For Millennials, this is becoming more and more common. According to a Federal Reserve Report, approximately 40 percent of adults under the age of 30 have student loan debt, averaging $32,731 per borrower. That means that Millennials may be starting their marriages with about $65,000 in debt, and with the average cost of a wedding exceeding $35,000 in 2016, getting married may put you even further in the hole.
Unfortunately, this debt burden may be scaring Millennials off from marriage altogether. According to a 2013 survey by the American Student Assistance, 29 percent of Millennials said they have postponed marriage to deal with their student debt. Conversations about debt may range from whether you will pay off your debt separately or together to how much should be spent on a fancy ceremony or new home. By establishing “debt goals,” you can make sure both you and your future spouse are on the same page and that you start your life together with a plan to reduce your loans in the future.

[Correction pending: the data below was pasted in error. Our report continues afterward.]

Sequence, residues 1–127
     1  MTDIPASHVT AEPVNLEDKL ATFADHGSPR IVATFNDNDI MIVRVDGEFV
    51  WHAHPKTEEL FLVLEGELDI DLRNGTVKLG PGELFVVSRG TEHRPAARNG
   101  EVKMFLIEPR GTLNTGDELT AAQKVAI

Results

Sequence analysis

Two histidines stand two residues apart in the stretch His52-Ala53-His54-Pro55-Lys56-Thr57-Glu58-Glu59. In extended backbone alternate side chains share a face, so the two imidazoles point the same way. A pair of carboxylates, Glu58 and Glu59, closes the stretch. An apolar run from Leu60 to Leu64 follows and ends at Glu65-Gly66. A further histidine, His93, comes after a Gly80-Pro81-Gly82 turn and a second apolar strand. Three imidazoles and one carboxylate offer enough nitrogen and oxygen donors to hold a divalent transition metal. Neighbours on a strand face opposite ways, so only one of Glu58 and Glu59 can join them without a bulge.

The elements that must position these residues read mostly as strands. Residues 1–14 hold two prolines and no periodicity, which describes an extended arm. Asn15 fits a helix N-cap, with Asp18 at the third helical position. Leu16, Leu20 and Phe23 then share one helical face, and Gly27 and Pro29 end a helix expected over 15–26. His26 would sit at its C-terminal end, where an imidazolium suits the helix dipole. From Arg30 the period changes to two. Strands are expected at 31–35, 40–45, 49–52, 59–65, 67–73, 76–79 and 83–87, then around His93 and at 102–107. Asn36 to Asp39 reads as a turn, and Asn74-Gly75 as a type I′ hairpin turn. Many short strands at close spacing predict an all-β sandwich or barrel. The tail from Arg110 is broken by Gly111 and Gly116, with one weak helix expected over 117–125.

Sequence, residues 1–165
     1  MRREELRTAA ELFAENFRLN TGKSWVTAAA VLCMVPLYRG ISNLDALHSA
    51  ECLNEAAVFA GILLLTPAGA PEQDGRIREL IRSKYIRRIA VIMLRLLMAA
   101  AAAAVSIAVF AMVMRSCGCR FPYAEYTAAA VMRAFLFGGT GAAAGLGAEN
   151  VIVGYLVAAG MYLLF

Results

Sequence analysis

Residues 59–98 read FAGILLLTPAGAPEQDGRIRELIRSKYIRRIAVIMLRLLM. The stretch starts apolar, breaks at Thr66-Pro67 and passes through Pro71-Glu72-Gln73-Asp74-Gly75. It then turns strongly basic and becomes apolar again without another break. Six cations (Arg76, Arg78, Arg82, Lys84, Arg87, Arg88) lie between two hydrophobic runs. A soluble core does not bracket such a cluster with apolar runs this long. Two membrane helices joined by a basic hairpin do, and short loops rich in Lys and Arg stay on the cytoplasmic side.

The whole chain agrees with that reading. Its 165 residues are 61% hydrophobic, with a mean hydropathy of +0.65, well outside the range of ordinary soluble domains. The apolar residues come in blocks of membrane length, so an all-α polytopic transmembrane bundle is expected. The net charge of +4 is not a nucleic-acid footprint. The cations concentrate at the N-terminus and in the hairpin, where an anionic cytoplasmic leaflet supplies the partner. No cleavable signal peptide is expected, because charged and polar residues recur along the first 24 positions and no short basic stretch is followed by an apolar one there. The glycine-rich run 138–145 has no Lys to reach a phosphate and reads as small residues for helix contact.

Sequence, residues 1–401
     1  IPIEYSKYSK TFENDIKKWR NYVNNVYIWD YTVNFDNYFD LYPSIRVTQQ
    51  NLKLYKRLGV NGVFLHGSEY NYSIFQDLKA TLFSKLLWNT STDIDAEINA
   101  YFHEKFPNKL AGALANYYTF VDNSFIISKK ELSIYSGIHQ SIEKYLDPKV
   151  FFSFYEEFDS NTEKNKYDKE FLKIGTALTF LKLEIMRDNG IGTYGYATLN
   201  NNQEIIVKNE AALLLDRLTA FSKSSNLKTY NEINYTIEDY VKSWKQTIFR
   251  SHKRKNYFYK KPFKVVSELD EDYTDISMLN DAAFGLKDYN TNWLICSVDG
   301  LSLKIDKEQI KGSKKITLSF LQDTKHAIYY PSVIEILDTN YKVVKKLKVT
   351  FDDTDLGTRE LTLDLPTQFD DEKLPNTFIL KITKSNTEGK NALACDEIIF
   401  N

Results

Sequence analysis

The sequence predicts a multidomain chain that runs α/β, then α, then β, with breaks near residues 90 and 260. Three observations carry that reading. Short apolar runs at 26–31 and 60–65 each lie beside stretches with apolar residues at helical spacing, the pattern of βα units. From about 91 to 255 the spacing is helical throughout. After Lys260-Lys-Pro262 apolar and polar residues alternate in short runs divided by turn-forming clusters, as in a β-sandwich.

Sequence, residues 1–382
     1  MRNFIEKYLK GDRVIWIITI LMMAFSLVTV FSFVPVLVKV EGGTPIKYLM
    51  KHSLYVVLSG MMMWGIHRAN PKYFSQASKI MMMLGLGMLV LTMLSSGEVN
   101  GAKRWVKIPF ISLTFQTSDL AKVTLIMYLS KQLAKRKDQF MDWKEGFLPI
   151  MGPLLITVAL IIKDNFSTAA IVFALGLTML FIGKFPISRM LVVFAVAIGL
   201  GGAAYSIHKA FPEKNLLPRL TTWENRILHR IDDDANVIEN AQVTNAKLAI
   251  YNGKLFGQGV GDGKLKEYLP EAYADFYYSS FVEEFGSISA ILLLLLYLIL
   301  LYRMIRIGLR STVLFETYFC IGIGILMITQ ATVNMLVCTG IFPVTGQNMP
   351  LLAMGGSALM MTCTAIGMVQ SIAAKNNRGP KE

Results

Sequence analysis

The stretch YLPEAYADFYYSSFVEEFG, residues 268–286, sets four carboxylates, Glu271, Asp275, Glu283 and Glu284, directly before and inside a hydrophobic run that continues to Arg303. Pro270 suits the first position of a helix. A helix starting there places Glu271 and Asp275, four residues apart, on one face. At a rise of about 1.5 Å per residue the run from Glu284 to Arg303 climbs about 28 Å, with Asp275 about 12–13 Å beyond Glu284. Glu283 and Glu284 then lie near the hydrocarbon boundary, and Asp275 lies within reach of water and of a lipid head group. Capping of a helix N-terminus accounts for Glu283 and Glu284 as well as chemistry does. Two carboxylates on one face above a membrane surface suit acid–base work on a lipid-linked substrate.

If your marriage is the victim of financial infidelity
One in three adults who have combined their finances in a relationship admitted to lying about a financial issue, according to the National Endowment for Financial Education.
While lying about money may be relatively common, these “little” money lies truly do matter; 76 percent of those who lied about a financial issue said that it affected their relationship. To avoid letting financial infidelity get the best of your relationship, it is important to talk with your spouse about what each of you considers financial infidelity. Something that one of you sees as a minor financial setback may sound like a financial disaster to the other. Establishing financial thresholds from the beginning can keep you both aligned on budgeting goals and foster better transparency when setbacks do occur.
If you are reluctant to combine finances